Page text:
Add $2,650 for every month your house stays on the market.
Staging your home wouldn’t cost nearly that much! Why wouldn’t you do everything possible to make your house stand out among the competition and increase your chances of a quicker sale? Do the math. Staging just makes sense.
As the weather begins to warm, we tend to feel more energized, are more likely to spend time outside, and start to plan new projects. Additionally, spring has historically been a very busy time of year for the real estate industry. If you are one of the many homeowners who is planning to sell a home this spring, there are some things you can do now to prepare.
Now, more than ever, homeowners understand the importance of showing their homes in the best possible light when listing them for sale. With a very competitive housing market comes lots of inventory and, therefore, lots of competition. Preparing a home properly so that it stands out among the competition is critical. Homeowners sometimes need months to complete a laundry list of projects before a house is ready for sale. It’s a big job and very time-consuming, but well worth the effort.
According to HomeGain’s 2012 survey of home improvements, the refinements that made the top five are: cleaning and de-cluttering; lightening and brightening; repairing electrical and plumbing; landscaping; and staging. Addressing these low-cost/no-cost items has proven to bring in the highest return on investment of all improvements that can be made.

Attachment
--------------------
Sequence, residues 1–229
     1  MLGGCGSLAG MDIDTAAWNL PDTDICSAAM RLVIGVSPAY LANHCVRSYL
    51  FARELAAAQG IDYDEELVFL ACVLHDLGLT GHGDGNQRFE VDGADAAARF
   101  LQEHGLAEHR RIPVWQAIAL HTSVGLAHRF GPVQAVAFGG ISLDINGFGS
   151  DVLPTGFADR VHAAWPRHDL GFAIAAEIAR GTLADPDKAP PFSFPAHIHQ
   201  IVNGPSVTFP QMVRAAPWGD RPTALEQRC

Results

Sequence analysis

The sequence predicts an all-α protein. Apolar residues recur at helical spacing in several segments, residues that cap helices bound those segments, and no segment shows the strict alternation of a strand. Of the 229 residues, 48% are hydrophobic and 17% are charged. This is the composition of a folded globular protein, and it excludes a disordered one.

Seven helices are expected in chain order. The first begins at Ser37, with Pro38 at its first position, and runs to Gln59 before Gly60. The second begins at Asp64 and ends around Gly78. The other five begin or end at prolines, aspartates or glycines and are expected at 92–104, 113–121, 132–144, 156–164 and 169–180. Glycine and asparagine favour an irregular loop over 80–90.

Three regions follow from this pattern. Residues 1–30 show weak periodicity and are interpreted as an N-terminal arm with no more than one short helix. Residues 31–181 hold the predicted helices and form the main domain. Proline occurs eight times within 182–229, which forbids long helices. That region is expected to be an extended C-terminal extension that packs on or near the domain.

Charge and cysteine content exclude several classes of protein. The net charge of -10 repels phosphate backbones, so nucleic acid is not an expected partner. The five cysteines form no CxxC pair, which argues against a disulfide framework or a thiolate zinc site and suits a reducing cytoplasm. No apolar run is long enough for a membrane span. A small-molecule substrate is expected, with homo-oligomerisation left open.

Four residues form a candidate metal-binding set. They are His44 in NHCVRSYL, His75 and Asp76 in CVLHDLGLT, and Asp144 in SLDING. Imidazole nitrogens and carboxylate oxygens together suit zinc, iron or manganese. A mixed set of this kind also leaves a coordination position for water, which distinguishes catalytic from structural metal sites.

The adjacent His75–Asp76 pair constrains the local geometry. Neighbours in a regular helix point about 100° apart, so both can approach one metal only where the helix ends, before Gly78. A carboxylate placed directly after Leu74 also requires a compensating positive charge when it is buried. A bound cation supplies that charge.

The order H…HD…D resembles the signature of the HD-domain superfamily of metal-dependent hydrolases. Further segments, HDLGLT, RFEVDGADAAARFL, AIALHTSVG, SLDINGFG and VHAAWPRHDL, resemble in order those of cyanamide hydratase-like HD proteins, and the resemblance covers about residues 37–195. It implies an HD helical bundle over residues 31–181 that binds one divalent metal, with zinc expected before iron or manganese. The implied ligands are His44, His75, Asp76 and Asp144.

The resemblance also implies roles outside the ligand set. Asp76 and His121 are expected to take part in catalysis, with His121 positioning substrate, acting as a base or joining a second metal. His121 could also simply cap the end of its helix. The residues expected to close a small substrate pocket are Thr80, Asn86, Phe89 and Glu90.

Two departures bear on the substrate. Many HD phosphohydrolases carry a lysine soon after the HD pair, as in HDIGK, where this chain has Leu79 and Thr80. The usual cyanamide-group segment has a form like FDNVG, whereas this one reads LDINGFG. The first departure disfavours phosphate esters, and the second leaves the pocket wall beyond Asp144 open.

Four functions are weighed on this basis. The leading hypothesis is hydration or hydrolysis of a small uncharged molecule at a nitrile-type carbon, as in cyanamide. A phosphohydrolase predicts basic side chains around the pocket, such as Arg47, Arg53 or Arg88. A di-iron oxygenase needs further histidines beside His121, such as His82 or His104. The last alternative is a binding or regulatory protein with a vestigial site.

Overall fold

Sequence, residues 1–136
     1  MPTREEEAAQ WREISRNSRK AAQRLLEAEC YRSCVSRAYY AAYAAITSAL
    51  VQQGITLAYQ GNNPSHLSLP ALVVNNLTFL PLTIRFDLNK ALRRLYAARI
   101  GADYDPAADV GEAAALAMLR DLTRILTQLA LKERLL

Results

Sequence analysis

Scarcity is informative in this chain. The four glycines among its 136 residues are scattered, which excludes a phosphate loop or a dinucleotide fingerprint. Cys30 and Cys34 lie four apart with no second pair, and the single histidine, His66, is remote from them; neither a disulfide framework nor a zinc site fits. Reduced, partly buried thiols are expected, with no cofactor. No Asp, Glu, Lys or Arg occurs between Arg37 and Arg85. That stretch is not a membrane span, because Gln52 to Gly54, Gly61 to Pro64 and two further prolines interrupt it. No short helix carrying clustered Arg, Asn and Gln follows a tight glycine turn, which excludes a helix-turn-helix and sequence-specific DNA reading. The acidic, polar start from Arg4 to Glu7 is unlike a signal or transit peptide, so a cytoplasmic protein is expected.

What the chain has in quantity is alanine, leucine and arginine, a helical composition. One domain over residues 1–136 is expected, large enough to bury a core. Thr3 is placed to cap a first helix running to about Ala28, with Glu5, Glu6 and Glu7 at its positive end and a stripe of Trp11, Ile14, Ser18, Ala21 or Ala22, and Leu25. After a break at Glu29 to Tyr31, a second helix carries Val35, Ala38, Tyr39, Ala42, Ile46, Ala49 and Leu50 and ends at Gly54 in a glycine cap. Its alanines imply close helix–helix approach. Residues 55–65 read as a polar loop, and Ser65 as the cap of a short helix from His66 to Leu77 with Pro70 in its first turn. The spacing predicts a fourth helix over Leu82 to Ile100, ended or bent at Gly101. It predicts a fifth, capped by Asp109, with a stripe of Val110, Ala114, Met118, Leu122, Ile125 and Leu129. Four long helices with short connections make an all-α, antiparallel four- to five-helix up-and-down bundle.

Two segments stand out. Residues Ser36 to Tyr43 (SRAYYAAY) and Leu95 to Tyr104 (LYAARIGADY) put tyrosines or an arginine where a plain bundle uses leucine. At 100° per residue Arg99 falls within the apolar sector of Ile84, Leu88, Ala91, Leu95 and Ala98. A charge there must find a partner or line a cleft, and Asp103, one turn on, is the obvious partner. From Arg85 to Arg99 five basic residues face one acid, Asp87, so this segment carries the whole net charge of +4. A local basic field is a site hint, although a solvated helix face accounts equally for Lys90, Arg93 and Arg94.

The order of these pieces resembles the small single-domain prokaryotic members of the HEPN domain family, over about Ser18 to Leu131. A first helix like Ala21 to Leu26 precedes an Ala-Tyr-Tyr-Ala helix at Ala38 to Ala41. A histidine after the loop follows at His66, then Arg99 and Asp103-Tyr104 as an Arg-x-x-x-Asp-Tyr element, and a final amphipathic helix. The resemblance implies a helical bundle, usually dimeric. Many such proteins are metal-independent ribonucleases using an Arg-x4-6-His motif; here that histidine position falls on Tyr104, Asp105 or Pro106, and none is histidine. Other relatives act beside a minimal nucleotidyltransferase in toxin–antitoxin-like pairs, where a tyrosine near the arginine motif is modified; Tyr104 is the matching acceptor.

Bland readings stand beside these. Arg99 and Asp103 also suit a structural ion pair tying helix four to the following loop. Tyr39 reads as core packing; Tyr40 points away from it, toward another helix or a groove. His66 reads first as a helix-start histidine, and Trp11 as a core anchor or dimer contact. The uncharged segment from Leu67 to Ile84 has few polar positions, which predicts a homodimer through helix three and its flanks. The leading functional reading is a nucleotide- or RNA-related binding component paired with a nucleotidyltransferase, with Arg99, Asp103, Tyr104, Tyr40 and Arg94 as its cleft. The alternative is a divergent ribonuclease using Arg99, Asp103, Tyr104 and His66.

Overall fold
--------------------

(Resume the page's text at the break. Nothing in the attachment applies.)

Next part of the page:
Many a homeowner has argued against spending money on a home they will be leaving, but investing a little money up front will bring in more on the back end. Buyers tend to perceive a home that is clean, well cared for and updated to be worth more money. The goal is to attract as many buyers and the highest offer possible.
Cleaning and de-cluttering is imperative. The home must be sparkling clean. Hire a cleaning service, if needed, but be sure that every space is tended to, from ceiling to floor.
De-cluttering is a great way to begin the process of moving. Pack away anything that you won’t need until you move into a new space. All collections should be stored, and the home should be cleared so that the living space is maximized. Now is also a good time to donate or toss any items that will not move with you. There are several services that will pick up materials free of charge.
To lighten and brighten a home is to give it life. A dark home portrays a dingy, depressing space. Be sure that each room, closet and hallway are well-lit. Buyers walking through will inspect each area and bright areas will show a more energized home.
Tending to any electrical and/or plumbing issues helps you to gain the confidence of buyers. Any repairs or improvements that can be done before listing will be portrayed as a positive in a buyer’s eyes. As any improvement that is made, it will reinforce the fact that the home was well-maintained.